You’ve been spending tons of time in the gym trying to get John Cena arms, but you don’t seem to be building any muscle. What gives?
1. You’re mostly doing cardio
Cardio is essential for keeping your body fat down and keeping your heart healthy. But when it comes to building muscle, hitting the treadmill won't help you much. Cardio tends to burn calories and puts your body in a deficit, which is good for leaning out, but not building muscles.
2. You’re not using heavy enough weights
Those 5-pound dumbbells were a great place to start as a beginner, but if you've been lifting weights for a while, it's time to scale up the weight. If you aren’t lifting heavy weights, it doesn’t matter if you are primarily using free machines or weights. In order to build muscle, you have to break down muscle tissue using a weight that is challenging enough to cause micro-tears, which when reconstructed, form stronger and denser fibers.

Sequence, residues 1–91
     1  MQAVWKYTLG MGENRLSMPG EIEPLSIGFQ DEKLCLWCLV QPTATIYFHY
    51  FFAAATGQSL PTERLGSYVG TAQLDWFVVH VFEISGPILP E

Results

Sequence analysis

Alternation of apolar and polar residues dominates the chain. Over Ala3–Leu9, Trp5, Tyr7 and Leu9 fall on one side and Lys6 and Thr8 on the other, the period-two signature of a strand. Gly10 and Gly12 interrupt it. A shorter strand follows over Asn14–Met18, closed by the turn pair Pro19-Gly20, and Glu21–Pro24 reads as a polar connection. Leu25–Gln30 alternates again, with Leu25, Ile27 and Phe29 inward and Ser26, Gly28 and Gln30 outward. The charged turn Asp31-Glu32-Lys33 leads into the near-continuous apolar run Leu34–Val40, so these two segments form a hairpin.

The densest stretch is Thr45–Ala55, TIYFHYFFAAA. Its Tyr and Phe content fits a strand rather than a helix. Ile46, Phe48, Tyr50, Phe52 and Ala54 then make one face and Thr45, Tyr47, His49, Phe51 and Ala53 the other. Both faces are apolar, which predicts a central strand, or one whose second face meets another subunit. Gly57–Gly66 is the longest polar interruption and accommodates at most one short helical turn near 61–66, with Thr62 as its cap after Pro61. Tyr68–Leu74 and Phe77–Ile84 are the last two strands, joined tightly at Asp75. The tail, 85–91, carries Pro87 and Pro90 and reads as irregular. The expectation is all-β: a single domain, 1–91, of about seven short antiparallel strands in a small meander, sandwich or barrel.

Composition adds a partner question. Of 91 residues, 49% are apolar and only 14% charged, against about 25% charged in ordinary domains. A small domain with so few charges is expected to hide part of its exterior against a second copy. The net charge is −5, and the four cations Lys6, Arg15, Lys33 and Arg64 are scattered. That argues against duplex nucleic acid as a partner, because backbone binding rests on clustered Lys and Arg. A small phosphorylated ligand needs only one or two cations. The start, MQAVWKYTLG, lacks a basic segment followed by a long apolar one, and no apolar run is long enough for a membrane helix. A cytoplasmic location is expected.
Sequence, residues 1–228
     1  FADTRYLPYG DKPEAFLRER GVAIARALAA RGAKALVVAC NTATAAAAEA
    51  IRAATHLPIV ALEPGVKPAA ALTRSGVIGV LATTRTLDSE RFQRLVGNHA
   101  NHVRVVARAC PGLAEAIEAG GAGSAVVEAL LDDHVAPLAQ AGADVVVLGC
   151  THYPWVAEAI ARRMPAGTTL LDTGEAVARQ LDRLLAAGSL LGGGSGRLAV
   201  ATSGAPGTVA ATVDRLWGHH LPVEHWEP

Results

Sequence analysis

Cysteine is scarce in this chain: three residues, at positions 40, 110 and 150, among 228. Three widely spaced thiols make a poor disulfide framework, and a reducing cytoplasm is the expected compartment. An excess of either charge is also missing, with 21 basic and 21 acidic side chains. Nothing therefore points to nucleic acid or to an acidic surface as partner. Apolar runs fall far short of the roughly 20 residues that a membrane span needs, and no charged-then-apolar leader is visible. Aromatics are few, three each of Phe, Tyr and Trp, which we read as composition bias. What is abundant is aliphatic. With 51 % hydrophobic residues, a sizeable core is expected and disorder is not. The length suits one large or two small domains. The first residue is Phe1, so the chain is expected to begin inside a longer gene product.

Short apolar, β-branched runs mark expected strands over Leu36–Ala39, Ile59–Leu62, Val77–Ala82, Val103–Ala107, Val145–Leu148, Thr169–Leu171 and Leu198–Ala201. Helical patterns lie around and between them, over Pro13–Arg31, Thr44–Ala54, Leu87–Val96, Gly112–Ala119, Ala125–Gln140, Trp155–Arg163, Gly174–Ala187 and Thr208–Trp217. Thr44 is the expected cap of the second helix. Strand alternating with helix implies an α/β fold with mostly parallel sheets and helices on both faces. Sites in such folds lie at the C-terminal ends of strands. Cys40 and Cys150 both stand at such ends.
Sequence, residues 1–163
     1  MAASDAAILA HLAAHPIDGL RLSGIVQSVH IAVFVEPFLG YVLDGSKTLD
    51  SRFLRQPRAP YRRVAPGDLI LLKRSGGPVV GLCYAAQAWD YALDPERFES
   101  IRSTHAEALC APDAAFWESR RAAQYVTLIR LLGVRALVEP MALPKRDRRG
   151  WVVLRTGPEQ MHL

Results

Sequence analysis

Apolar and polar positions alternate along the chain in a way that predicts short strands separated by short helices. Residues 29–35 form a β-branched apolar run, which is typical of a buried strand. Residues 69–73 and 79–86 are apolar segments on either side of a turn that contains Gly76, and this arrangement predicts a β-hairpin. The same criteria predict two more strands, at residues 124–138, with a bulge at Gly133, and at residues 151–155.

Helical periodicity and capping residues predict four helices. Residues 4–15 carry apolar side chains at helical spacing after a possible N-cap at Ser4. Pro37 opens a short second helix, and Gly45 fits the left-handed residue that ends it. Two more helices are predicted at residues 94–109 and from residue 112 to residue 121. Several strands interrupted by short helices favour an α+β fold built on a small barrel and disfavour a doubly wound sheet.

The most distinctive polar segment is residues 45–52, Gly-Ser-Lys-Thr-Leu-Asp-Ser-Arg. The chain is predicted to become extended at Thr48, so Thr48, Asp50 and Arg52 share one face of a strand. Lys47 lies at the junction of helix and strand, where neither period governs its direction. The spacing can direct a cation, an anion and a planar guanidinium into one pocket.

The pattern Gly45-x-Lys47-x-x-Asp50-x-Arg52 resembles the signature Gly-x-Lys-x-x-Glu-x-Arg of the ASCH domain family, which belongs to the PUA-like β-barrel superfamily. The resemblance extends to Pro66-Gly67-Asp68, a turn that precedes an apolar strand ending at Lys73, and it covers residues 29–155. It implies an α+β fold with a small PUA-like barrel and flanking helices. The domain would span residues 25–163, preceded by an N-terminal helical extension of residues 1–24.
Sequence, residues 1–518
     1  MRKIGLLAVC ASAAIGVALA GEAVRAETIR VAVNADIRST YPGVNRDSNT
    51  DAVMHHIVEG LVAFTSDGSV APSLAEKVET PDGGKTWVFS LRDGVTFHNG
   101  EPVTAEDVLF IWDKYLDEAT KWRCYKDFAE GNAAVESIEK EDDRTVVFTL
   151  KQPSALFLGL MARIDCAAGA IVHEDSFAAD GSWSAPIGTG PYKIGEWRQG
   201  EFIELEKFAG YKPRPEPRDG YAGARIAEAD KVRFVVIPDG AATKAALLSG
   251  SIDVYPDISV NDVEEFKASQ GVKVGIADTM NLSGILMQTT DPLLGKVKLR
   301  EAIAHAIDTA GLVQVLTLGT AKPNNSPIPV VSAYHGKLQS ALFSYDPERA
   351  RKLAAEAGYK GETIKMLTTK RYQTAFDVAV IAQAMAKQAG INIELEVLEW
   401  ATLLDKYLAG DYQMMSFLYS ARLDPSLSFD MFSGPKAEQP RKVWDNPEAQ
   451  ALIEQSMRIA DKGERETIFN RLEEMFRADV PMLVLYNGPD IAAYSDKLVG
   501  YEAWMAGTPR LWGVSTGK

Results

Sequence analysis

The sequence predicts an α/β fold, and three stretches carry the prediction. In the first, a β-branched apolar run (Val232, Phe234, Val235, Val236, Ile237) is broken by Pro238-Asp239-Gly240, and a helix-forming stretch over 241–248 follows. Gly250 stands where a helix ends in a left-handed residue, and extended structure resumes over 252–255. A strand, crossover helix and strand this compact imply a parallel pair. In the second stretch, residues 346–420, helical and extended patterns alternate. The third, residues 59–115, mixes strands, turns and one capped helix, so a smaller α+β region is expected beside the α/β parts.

3. You’re not having enough sleep
The micro-tears that are responsible for muscle-growth need rest to reconstruct themselves and grow stronger. That happens when you are asleep! You have to rest and feed your muscles between exercises or workouts, or you’ll tear them down, and they will become weaker. Over time, you run the risk of over-training, which may result in injury, and probably even more sleep troubles.
4.You’re inconsistent with your routine
If you are serious about adding on some muscle, then the best way to do this is with three intense resistance exercise sessions and two lighter intensity workouts weekly. You need to have consistency in your workout program, hitting at least each muscle group twice a week to build muscle. If you’re looking to switch up exercises, I suggest swaps such as sumo squats instead of traditional squats; step-ups on a bench instead of lunges. These types of variation are very useful in building muscles, but the weights you’re using must still be relatively heavy.